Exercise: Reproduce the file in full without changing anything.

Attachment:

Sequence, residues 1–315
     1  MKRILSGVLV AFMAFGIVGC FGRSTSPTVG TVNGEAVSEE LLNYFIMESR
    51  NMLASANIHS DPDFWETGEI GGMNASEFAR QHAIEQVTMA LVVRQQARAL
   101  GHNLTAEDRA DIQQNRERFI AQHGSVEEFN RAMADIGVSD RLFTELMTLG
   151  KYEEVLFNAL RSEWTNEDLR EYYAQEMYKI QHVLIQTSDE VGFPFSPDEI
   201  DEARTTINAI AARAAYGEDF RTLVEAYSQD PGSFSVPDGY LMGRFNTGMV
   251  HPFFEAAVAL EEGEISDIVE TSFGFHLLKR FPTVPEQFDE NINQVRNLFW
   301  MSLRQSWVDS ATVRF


Sequence, residues 1–315
     1  MKRILSGVLV AFMAFGIVGC FGRSTSPTVG TVNGEAVSEE LLNYFIMESR
    51  NMLASANIHS DPDFWETGEI GGMNASEFAR QHAIEQVTMA LVVRQQARAL
   101  GHNLTAEDRA DIQQNRERFI AQHGSVEEFN RAMADIGVSD RLFTELMTLG
   151  KYEEVLFNAL RSEWTNEDLR EYYAQEMYKI QHVLIQTSDE VGFPFSPDEI
   201  DEARTTINAI AARAAYGEDF RTLVEAYSQD PGSFSVPDGY LMGRFNTGMV
   251  HPFFEAAVAL EEGEISDIVE TSFGFHLLKR FPTVPEQFDE NINQVRNLFW
   301  MSLRQSWVDS ATVRF